Current predictions: Davis, Gerwig, Harris, Kidman, Williams

SAG Predictions: Best Actor in a Supporting Role

Last year’s nominees: Christian Bale (The Big Short), Idris Elba (Beasts of No Nation), Mark Rylance (Bridge of Spies), Michael Shannon (99 Homes), and Jacob Tremblay (Room)

The rundown: This category was quite a surprise last year (I got only one nominee right), and only two of these nominees went on to be included in Oscar’s list. The Globes already gave us two shocking inclusions yesterday – Simon Helberg (Florence Foster Jenkins) and Aaron Taylor-Johnson (Nocturnal Animals) – and I don’t expect either to repeat here. It’s very likely that the other three, Mahershala Ali (Moonlight), Jeff Bridges (Hell or High Water), and Dev Patel (Lion), will make the cut. Most probable to join them is Lucas Hedges (Manchester by the Sea), and then there are a number of others who could round out the list. It might be Michael Shannon (Nocturnal Animals) or Liam Neeson (Silence), but I’ll give the edge to Ben Foster (Hell or High Water) instead. I would be ecstatic about this list – maybe I’m being too hopeful.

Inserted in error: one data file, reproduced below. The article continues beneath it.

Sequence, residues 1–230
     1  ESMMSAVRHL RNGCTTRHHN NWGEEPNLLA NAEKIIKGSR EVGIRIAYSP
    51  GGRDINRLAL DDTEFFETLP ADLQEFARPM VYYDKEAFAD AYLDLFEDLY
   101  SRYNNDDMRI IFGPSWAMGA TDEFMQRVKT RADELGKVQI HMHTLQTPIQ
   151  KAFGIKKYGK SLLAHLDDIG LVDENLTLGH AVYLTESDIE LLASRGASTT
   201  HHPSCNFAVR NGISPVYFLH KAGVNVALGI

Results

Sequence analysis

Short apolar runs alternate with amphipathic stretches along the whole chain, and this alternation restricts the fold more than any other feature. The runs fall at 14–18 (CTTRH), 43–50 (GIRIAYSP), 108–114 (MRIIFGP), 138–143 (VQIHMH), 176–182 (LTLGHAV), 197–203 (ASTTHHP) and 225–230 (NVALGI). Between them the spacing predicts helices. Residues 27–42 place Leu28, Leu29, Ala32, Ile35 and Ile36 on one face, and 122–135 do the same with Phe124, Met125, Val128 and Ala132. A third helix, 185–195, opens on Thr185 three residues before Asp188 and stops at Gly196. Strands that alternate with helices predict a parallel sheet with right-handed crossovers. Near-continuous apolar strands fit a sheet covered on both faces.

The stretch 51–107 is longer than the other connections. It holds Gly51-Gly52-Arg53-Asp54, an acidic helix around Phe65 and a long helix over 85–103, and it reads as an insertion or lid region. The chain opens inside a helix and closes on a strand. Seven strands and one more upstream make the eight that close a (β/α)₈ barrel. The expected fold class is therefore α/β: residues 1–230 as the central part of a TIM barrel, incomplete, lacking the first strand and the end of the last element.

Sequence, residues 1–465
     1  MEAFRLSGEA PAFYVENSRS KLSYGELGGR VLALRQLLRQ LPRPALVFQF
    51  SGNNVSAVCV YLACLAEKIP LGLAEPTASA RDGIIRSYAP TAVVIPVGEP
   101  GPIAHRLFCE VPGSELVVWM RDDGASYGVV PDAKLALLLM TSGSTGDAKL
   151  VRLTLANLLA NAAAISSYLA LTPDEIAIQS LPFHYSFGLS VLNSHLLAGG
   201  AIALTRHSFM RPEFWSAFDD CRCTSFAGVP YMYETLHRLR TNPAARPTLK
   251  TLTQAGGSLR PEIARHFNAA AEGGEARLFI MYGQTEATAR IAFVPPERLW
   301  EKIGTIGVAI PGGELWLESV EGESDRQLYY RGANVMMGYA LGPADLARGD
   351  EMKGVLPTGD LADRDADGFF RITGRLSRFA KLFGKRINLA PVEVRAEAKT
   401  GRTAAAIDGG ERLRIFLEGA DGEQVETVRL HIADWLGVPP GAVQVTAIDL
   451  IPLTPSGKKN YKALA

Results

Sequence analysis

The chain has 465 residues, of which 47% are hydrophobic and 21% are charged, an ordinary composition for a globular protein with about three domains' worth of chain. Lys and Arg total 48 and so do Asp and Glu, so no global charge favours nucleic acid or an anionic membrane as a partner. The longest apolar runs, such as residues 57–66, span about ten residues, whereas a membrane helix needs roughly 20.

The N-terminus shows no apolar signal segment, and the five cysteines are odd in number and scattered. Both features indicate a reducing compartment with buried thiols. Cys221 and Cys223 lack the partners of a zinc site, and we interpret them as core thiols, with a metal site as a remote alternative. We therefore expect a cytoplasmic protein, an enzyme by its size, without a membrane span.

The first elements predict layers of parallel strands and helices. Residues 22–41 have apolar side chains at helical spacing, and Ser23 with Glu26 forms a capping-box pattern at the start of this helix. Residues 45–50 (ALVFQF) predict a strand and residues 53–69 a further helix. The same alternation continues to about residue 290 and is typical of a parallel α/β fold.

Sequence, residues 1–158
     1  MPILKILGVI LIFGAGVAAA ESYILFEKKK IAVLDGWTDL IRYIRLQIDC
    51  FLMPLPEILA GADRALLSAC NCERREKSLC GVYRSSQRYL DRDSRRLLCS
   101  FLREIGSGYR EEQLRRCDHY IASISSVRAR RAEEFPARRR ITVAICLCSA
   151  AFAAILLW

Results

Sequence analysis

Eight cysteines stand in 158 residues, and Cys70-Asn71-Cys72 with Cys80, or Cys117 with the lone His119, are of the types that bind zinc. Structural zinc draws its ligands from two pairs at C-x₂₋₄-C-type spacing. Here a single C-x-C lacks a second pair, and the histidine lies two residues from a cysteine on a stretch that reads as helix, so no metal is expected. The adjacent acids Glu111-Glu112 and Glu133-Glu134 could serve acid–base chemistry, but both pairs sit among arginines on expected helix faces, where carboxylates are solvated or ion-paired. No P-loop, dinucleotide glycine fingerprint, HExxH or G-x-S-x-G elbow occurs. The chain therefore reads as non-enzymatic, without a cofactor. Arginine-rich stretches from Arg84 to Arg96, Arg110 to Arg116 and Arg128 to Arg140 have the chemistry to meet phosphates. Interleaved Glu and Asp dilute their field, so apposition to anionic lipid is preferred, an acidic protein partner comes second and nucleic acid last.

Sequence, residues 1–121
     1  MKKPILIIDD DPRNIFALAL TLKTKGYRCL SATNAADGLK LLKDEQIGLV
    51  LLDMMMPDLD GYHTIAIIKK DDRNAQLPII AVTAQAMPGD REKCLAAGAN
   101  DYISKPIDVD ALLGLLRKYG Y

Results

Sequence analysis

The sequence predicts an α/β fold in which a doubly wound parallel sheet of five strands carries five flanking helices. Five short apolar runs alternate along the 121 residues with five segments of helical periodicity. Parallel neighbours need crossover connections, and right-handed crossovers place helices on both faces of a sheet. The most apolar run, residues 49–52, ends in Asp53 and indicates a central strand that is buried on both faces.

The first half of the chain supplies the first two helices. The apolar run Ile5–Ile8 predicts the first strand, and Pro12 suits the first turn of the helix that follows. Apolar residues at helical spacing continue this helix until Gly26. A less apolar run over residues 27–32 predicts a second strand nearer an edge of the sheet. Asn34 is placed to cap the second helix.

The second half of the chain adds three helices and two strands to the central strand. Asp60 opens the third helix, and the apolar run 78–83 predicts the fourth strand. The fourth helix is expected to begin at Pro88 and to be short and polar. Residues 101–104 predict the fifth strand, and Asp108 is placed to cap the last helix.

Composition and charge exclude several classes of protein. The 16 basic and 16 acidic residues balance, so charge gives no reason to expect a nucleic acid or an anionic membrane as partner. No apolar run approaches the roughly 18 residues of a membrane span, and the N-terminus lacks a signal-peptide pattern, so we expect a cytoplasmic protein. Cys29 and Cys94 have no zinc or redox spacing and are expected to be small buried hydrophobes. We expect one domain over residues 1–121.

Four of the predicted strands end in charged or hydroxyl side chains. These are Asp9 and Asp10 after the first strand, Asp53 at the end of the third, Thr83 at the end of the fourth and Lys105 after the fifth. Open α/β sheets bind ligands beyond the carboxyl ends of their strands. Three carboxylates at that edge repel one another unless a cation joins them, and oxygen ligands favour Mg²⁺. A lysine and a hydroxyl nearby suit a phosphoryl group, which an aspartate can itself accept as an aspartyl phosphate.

Current predictions: Ali, Bridges, Foster, Hedges, Patel

SAG Predictions: Best Actress in a Leading Role

Last year’s nominees: Cate Blanchett (Carol), Brie Larson (Room), Helen Mirren (The Woman in Gold), Saoirse Ronan (Brooklyn), and Sarah Silverman (I Smile Back)

The rundown: Last year, this category gave us two shockers that weren’t Globe-nominated and didn’t go on to be Oscar contenders either, and I’m curious if that will happen again this year. The frontrunners are Natalie Portman (Jackie), Emma Stone (La La Land), and Annette Bening (20th Century Women), with Ruth Negga (Loving) very likely. Who could earn the fifth slot? It might be Amy Adams (Arrival), Meryl Streep (Florence Foster Jenkins) or Jessica Chastain (Miss Sloane), but I think it will be the other Globe nominee I didn’t predict, Isabelle Huppert (Elle).

Current predictions: Bening, Huppert, Negga, Portman, Stone

SAG Predictions: Best Actor in a Leading Role